11th December 2014
Invoicing is a topic of great importance for businesses and enterprises of all sizes, from one-person bands to giant conglomerates.
Cash-flow is said to be is the lifeblood of any firm; it is, therefore, imperative that the invoicing procedures are functioning well.
This is a particularly pressing issue for small operations, as even the slightest problem or delay in payment for the service you have provided can have serious ramifications.
Setting clear procedures and policies regarding invoices could play a big part in the eventual success or failure of your venture.
Invoicing – the basics
While the process can sometimes become complicated, invoicing is a straightforward concept. If you have provided a product or service to a customer, you must give them an invoice (a bill) requesting payment and setting out certain key pieces of information.
The document must have the word ‘invoice’ very clearly presented and should state how much the customer owes and the deadline for payment. The name, address and contact information of both your own company and the organisation you are invoicing should also be included.
If you are operating as a limited company, add your firm’s registration number to all invoices, along with the organisation’s full name as it appears on the certificate of incorporation.
As the provider of a product or service, you have a legal right to receive payment. Unless otherwise agreed, customers are expected to complete payment within 30 days of receiving an invoice or the service.
If you find yourself in a situation where you need to request payment of what is owed formally, you can use a statutory demand.
There are several strategies that could make the invoicing process much easier for small firms and freelancers operating as limited companies.
In a recent article offering advice on how businesses can maintain healthy cash flow, the Telegraph cited Gary Turner, the managing director of cloud accountancy platform Xero, who underlined the importance of getting in “the payment mindset”.
He pointed out that owners of small enterprises, particularly those that are just starting out, are often too timid when it comes to chasing up sums they are owed. “So don’t be meek – be polite but firm,” Mr Turner advised. “Your clients aren’t doing you a favour by paying. They must pay you, no matter how big or small they are.”
According to the Professional Contractors Group (PCG), one of the most important things is to make sure you do the basics well. So ensure that all invoices are sent promptly, are sufficiently detailed and clearly reflect the terms of your contract. You could also consider asking for a deposit payment in advance and should be sure to chase outstanding invoices and keep dated records of all conversations.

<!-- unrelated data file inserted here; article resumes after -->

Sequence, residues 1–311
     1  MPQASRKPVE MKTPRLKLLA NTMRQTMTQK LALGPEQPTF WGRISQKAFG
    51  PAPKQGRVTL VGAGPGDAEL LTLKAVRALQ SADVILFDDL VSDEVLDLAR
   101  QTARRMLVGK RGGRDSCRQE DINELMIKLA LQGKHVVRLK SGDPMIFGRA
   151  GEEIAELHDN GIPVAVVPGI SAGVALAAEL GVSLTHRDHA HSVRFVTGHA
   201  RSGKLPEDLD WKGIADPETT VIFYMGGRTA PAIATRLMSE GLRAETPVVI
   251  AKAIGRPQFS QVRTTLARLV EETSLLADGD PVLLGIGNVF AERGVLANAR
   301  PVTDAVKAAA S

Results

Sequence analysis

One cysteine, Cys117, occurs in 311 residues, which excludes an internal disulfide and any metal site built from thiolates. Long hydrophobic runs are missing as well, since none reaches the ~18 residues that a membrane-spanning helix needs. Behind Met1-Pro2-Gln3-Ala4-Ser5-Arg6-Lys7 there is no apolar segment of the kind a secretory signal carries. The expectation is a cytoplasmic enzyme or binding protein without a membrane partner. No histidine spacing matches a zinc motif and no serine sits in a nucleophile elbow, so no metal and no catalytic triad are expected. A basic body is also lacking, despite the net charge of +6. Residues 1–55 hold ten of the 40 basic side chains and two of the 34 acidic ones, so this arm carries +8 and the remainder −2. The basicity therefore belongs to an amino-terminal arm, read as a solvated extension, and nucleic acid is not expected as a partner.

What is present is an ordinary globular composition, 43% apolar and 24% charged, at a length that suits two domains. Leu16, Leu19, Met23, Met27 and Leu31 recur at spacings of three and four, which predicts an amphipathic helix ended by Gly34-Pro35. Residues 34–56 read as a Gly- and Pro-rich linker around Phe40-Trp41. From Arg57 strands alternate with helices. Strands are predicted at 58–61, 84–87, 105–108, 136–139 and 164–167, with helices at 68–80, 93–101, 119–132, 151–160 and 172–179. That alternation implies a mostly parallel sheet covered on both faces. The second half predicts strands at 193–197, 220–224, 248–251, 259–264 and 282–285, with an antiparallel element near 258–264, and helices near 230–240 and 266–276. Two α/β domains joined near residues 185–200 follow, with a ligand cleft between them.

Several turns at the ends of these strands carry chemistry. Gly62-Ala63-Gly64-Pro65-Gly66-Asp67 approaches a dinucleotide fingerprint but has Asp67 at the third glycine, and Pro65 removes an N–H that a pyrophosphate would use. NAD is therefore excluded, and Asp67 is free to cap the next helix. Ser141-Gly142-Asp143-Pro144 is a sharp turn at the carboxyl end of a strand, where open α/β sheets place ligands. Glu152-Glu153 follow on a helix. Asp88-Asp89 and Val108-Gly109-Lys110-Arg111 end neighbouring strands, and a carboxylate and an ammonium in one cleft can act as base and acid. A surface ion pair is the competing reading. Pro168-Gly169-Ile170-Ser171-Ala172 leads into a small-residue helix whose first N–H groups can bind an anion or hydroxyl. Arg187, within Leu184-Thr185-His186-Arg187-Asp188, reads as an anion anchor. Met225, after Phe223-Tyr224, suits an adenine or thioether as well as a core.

Another piece of advice from PCG is to rethink your payment terms. You have no obligation to offer 30-day terms, so try using 14-day payment periods instead.
After analysing over 12 million invoices, Xero found that payments are typically made two weeks late, regardless of whether they are due immediately or within 30 days. “So if you’re aiming to get paid in 30 days, you should make your payment terms 13 days or [fewer],” advised Mr Turner.
The Telegraph also spoke to Andrew Subramanian, SME partner at chartered accountants HW Fisher & Company, who underlined the importance of simplicity. He said the layout of invoices should be concise, with information such as dates, amounts and, if necessary, VAT details clearly presented.
“Remember to include not only when the payment is due but also details on how you want them to pay – for example, by giving your bank details,” added Mr Subramanian.
People just starting out in the world of freelancing will want to focus their energy on winning their first contracts and gaining experience, so they might need some support with administrative tasks such as invoicing.
One option is to sign up to a PAYE umbrella company, like our sister company SmartWork, which offers many of the benefits and reassurances that come with regular employment, combined with the freedom and flexibility of independent work.
Freelancers using umbrella companies should have access to online services to help with invoice management, as well as facilities making it easier to track payslips, timesheets, expenses and contracts. Other perks of this approach include daily payroll processing and same-day payments, statutory employee entitlements such as holiday and maternity pay, the support of a dedicated business manager and peace of mind that you are fully compliant with tax regulations.
One resource that could prove useful for people creating their own invoices is a basic template, which should be easy enough to find online.
It is also possible to find free invoicing software on the internet, such as Invoiceable and Debitoor. However, like anything free, these solutions have their limitations, so people willing to pay for a complete service could consider options such as a cloud accounting software like FreeAgent.